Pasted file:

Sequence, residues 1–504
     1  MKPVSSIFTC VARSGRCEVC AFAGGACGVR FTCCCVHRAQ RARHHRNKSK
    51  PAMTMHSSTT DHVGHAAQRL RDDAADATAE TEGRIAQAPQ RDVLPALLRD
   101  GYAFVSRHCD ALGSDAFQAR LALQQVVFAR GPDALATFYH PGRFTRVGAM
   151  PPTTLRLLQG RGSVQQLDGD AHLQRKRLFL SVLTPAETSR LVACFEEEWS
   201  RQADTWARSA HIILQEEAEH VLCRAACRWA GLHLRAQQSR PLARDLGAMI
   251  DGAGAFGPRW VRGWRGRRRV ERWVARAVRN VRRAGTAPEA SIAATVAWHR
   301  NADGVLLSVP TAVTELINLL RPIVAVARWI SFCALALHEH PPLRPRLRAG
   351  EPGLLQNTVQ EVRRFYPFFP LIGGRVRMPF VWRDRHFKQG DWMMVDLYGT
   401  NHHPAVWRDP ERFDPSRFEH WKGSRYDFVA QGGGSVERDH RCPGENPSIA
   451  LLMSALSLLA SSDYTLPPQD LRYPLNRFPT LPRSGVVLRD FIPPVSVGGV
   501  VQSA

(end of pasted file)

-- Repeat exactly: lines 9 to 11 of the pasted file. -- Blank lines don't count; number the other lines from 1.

   351  EPGLLQNTVQ EVRRFYPFFP LIGGRVRMPF VWRDRHFKQG DWMMVDLYGT
   401  NHHPAVWRDP ERFDPSRFEH WKGSRYDFVA QGGGSVERDH RCPGENPSIA
   451  LLMSALSLLA SSDYTLPPQD LRYPLNRFPT LPRSGVVLRD FIPPVSVGGV